American Cancer Society. Cancer Facts & Figures 2007. Atlanta, GA. 2007.

American Lung Association. Secondhand Smoke Fact Sheet. 2007. Available at: Accessed October 15, 2007.

Borland R, Yong H-H, Siahpush M, et al. Support for and reported compliance with smoke-free restaurants and bars by smokers in four countries: findings from the International Tobacco Control (ITC) Four Country Survey. Tobacco Control. 2006;15(suppl_3):34-41.

California Environmental Protection Agency. Health Effects of Exposure to Environmental Tobacco Smoke. June 2005. Available at: Accessed October 15, 2007.

Centers for Disease Control and Prevention, National Institute of Occupational Safety and Health. Current Intelligence Bulletin 54: Environmental Tobacco Smoke in the Workplace -- Lung Cancer and Other Health Effects. 1991. (Publication No. 91-108) Available at: Accessed October 15, 2007.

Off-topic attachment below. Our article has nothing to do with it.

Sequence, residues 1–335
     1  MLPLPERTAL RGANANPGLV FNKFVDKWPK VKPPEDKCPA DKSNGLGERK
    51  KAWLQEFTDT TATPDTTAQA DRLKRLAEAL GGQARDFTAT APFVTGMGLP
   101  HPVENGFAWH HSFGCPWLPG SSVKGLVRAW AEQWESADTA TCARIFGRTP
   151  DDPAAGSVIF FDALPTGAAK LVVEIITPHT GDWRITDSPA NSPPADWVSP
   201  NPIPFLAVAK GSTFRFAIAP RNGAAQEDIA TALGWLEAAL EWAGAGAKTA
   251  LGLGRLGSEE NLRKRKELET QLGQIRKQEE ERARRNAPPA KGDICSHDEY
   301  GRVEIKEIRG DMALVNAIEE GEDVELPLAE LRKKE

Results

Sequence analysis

Environmental Protection Agency. Respiratory Health Effects of Passive Smoking: Lung Cancer and Other Disorders. Washington, DC: Environmental Protection Agency; 1992. (Report # EPA/600/6-90/006F) Available at: Accessed October 15, 2007.

Patten CA, Gilpin E, Cavin SW, et al. Workplace smoking policy and changes in smoking behaviour in California: A suggested association. Tobacco Control. 1995;4:36-41.

Pirkle JL, Flegal KM, Bernert JT, et al. Exposure of the US population to environmental tobacco smoke: The Third National Health and Nutrition Examination Survey, 1988 to 1991. JAMA. 1996;275:1233-1240.

Schuster MA, Franke T, Pham CB. Smoking patterns of household members and visitors in homes with children in the United States. Arch Pediatr Adolesc Med. 2002;156:1094-1100.

Steenland K. Passive smoking and the risk of heart disease. JAMA. 1992;267:94-99.

US Department of Health and Human Services. 11th Report on Carcinogens. Public Health Service -- National Toxicology Program. 2005. Available at: Accessed October 15, 2007.

US Department of Health and Human Services. The Health Consequences of Involuntary Exposure to Tobacco Smoke: A Report of the Surgeon General. Washington, DC: Department of Health and Human Services; 2006. Available at: Accessed October 15, 2007.

Revised: 10/25/2007